I have written about the problems of overfishing in the past: Add Over-Fishing to the Huge Government Debt as Examples of How We Are Consuming Beyond Our Means (2012) – Fishless Future (2006) – North American Fish Threatened (2008) – The State of the Oceans is Not Good (2011) – European Eels in Crisis After 95% Decline in Last 25 years (2009). This is not a complicated problem. If you just pay attention to the science and make wise decisions with an understanding of systems we can improve the situation.
And the USA has done so. The USA has more work to do, but by taking sensible steps based on an understanding of science we have made significant progress.
One year after President Clinton declared the New England ground fishery a federal disaster, congress met in Washington to amend and renew the 20-year-old Fishery Conservation and Management Act. The result was the Magnuson-Stevens Act, a major bipartisan commitment to end overfishing in US waters and promote fish stock recovery.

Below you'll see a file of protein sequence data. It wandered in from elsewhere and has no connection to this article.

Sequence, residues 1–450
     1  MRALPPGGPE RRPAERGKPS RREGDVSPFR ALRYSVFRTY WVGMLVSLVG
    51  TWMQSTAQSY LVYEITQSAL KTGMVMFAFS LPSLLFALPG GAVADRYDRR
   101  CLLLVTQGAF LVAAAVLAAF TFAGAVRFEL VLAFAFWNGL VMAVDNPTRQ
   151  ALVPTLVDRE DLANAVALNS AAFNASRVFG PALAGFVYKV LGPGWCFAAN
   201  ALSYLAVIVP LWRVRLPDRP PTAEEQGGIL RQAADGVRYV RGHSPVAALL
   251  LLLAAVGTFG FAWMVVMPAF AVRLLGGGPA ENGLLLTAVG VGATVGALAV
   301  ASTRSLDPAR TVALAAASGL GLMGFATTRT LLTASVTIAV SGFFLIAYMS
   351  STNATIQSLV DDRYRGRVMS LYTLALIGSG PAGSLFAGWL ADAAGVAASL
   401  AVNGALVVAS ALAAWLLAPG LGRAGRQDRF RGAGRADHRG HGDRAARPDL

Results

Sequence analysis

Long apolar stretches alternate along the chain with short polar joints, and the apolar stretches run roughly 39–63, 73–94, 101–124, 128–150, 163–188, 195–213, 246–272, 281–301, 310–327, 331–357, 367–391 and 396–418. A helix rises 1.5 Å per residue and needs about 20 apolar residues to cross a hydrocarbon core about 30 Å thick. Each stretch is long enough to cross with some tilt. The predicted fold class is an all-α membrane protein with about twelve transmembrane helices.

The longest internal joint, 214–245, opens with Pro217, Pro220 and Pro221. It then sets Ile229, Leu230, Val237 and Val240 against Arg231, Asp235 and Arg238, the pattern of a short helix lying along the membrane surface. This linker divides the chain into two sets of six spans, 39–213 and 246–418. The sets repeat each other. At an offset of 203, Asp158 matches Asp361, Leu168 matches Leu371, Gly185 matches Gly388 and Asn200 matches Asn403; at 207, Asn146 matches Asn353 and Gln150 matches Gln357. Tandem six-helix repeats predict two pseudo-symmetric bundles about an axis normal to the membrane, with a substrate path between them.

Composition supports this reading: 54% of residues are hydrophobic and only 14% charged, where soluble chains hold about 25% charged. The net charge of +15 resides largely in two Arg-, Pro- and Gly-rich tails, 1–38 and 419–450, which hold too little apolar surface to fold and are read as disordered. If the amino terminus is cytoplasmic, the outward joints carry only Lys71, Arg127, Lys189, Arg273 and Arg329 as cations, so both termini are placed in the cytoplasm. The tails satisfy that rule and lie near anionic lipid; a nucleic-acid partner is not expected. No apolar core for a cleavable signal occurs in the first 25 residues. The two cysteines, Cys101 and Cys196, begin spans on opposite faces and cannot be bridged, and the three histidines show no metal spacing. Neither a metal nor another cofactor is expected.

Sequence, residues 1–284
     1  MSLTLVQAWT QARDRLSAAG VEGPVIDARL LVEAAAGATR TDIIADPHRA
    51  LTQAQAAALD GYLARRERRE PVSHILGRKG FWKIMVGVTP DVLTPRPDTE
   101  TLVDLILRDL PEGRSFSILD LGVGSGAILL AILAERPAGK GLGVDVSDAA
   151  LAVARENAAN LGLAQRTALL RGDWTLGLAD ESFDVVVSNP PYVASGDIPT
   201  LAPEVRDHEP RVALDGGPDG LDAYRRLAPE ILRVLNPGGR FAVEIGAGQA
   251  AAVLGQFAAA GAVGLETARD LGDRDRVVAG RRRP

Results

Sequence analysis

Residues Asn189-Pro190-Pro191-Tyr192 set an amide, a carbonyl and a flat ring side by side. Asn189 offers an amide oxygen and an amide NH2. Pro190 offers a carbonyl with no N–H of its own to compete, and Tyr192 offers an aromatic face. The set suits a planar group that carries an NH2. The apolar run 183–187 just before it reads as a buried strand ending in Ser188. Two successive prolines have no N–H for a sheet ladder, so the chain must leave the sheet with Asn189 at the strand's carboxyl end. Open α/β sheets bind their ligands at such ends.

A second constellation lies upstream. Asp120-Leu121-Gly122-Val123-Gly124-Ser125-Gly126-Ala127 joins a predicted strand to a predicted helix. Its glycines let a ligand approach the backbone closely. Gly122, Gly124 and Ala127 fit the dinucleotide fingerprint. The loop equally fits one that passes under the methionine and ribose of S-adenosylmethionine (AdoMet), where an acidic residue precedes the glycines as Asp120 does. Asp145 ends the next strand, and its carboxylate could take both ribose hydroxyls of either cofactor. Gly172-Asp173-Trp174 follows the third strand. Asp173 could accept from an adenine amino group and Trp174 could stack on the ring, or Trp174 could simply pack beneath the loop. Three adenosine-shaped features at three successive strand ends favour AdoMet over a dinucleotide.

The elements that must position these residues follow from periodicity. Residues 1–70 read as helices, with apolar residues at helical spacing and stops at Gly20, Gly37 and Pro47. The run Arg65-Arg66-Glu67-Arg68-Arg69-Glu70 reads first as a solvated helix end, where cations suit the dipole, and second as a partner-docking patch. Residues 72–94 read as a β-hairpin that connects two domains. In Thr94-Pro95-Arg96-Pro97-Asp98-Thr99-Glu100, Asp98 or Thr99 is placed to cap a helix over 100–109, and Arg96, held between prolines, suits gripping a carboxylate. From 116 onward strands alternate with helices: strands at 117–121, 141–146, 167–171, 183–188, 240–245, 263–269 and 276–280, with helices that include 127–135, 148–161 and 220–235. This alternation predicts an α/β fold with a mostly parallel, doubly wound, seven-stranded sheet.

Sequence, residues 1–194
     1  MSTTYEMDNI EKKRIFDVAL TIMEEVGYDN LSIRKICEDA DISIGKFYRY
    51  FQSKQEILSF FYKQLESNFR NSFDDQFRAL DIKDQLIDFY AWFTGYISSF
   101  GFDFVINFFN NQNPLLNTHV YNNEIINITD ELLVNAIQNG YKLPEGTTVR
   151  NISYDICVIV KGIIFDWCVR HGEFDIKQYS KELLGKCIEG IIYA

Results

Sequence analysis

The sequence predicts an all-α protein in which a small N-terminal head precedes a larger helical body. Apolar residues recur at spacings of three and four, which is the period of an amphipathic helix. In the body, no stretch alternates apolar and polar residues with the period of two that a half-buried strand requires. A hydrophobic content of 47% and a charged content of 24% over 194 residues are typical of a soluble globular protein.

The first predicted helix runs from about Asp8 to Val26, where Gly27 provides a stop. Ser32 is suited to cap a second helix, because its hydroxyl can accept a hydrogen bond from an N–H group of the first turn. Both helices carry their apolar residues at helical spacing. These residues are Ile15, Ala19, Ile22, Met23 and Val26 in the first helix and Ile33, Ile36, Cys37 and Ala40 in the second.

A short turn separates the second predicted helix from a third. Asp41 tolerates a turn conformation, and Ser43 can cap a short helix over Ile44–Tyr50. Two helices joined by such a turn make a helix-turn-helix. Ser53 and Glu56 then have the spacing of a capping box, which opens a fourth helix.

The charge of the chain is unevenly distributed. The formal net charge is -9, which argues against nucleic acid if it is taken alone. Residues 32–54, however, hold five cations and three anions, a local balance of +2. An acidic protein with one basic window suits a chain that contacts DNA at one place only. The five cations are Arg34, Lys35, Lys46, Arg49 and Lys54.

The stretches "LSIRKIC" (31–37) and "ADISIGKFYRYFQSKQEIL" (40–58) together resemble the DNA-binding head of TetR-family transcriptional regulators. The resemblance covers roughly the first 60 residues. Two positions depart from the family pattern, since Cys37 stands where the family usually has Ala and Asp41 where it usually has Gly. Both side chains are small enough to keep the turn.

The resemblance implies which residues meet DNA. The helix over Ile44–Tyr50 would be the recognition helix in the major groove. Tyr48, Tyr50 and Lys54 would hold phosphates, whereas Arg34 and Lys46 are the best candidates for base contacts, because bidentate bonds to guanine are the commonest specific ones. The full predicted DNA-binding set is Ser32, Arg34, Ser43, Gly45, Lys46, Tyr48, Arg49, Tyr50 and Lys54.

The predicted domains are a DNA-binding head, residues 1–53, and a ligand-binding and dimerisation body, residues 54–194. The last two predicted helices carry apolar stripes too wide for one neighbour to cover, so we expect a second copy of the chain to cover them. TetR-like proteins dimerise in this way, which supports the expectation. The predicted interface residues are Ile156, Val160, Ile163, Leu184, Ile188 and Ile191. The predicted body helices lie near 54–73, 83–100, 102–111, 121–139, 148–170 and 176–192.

The goal of the Magnuson-Stevens Act was to create a framework for rebuilding overfished stocks in as short a time as possible. The timeframe for rebuilding a fish stock under the act is typically ten years or less.
To accomplish such a goal, scientists established fishery management plans for each overfished stock and instituted annual catch limits to control overfishing.
By the end of 2015, 89% of fisheries with annual catch limits in place had halted overfishing.
While 64% of the fish stocks managed by the Magnuson-Stevens Act are now rebuilt or recovering, success hasn’t been universal. Certain regional fisheries, such as those in the Gulf of Mexico and New England, have struggled to control overfishing under existing regulations. The act also does a poor job of protecting highly migratory species, such as tuna, swordfish, and sharks, which move freely between different regulatory areas.
We need to build on our successful use of scientific knowledge to make wise decisions and implement wise government policy. Sadly there is an alarming lack of appropriate thinking by many of those we elect to office, in the USA and around the globe. We can’t afford to elect people that don’t have an understanding of how to make wise decisions and how to ensure scientific knowledge forms the basis of policy when it should, such as: overfishing, pollution, global warming, the health care benefits vaccines provide when they are used properly, the dangers of abusing antibiotics, etc..